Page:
CLEARWATER — The concrete shell of an unfinished high-rise looms over Cleveland Street at the eastern entrance to downtown Clearwater. Occasionally, workers in hard hats bustle around the site. But construction has slowed to a crawl on a $45 million luxury condo tower called the Strand at Clearwater Centre.
Now, the Clearwater Regional Chamber of Commerce is suing the high-rise's developer over the delays in finishing the building.
The chamber says it agreed three years ago to buy 6,000 square feet of office space at the base of the tower for $1.5-million. The organization wants to relocate soon, but the building that was supposed to become its new home isn't ready. So the chamber is demanding a refund of its $300,000 deposit.
The chamber has filed suit against Clearwater Centre LLC, the company that's redeveloping the former office building at Cleveland Street and Martin Luther King Jr. Avenue into high-end condominiums.
"The chamber has no ill will or hard feelings toward the company. But we have to move forward," said the chamber's attorney, Charles Samarcos. "The chamber is not in the business of suing people. There was no alternative left to be able to recover the money — a deposit that was put down for a building that hasn't been constructed in two years."
Clearwater Centre's managing partner, Guy Bonneville, said the company has been in negotiations with the chamber for some time over the purchase contract and deposit.
"We are disappointed that they have chosen to file suit as a negotiating tactic," Bonneville said. "While we do not believe they can prevail in their lawsuit, we intend to keep the lines of communication open and believe the dispute can be resolved in short order."
Bonneville's company bought a mostly vacant office building in 2004 for $5.7-million. Workers stripped the 15-story tower down to its bones, preparing to overhaul it.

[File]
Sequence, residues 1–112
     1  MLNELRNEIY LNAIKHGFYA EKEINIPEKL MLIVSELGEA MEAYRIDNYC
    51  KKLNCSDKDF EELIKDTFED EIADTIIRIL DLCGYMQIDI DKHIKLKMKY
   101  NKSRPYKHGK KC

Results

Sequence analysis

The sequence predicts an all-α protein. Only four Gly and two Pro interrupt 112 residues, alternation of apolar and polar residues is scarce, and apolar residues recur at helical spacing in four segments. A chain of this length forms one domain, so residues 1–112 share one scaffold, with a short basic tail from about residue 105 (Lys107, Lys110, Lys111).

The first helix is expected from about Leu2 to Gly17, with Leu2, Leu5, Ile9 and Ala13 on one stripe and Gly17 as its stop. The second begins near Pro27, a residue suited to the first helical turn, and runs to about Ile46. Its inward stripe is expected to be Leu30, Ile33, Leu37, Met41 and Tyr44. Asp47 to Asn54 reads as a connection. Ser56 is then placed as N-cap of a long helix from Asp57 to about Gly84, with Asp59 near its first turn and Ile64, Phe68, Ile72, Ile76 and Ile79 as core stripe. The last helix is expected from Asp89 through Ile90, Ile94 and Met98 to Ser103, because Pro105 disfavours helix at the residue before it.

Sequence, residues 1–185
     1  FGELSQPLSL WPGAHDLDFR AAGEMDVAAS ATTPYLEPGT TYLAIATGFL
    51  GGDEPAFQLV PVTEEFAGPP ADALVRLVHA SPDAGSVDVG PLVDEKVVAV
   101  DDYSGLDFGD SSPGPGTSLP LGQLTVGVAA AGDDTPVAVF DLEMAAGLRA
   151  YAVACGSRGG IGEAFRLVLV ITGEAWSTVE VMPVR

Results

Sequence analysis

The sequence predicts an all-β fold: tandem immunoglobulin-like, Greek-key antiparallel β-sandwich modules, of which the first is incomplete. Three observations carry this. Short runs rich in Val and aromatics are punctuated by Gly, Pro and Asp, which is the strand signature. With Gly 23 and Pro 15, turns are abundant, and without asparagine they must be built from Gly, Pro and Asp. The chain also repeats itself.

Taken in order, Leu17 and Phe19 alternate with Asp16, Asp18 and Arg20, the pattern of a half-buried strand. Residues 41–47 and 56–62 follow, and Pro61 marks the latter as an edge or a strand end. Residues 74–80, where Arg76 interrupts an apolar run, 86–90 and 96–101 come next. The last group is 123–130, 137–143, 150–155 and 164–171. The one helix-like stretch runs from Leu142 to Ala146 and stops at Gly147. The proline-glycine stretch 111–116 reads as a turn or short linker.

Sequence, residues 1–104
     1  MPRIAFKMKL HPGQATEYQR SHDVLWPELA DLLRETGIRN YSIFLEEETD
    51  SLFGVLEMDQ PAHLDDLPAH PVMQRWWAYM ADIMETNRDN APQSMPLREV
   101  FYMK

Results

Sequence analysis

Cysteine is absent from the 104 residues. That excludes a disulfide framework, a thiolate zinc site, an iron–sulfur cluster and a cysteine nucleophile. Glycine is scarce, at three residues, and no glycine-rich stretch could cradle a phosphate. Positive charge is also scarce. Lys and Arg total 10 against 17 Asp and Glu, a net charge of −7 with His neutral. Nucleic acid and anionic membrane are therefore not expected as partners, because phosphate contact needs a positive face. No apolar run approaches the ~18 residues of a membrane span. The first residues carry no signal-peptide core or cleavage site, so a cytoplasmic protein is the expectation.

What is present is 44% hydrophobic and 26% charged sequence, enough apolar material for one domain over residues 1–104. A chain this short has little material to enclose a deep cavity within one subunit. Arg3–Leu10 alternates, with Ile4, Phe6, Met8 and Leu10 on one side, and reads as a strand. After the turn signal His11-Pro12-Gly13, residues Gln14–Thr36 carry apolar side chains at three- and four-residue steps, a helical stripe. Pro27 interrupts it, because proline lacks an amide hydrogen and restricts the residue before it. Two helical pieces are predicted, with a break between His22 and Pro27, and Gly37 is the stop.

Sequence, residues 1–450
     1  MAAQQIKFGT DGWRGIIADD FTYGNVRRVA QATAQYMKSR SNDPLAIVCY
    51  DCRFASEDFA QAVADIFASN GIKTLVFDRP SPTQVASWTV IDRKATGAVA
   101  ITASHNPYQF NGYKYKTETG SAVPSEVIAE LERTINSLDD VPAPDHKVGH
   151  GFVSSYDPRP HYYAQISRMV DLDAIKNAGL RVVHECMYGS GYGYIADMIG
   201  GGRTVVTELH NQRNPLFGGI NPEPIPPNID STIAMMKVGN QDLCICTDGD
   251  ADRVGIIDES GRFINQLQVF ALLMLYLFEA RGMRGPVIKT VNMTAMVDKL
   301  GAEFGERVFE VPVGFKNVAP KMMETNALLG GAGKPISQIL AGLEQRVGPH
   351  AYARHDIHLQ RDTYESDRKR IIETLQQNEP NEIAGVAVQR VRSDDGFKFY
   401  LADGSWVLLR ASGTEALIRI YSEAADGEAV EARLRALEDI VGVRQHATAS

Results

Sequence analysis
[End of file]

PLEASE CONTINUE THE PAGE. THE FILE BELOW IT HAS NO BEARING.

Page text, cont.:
Then the real estate market and the economy went bust.
The Strand at Clearwater Centre was originally slated to open in spring 2008. Later, Bonneville struck a deal with the city to finish by this June. He recently said he and his partners, Spain-based Espacio USA, are slowing down the pace of construction, intending to open in late 2010 — hopefully in time for a rebound.
"We're biding some time to get past this economic slump," Bonneville said in April.
The plan is to build 88 condos with high-end amenities along with 22,500 square feet of upscale commercial space. Shops and offices are to go in a three-story perimeter building that connects to the high-rise and its parking garage.
That's where Clearwater's chamber of commerce was going to move.
After Bonneville's company bought the office tower, it also purchased the chamber's 22,000-square-foot headquarters next door for $1.9-million. That deal was struck in June 2006 when the chamber agreed to buy office space in the high-rise project.
Now the chamber is eager to move out of its aging offices at 1130 Cleveland St. Its lawsuit alleges that, because the new location next door wasn't completed by a June 2009 deadline, the chamber is entitled to get its $300,000 deposit back.
Chamber president Bob Clifford said he still hopes the condominium tower is a success.
"The developers have invested a significant amount of money in that project," Clifford said. "They're over there pouring concrete. They're doing everything in their power to make it happen."
Mike Brassfield can be reached at firstname.lastname@example.org or (727) 445-4160.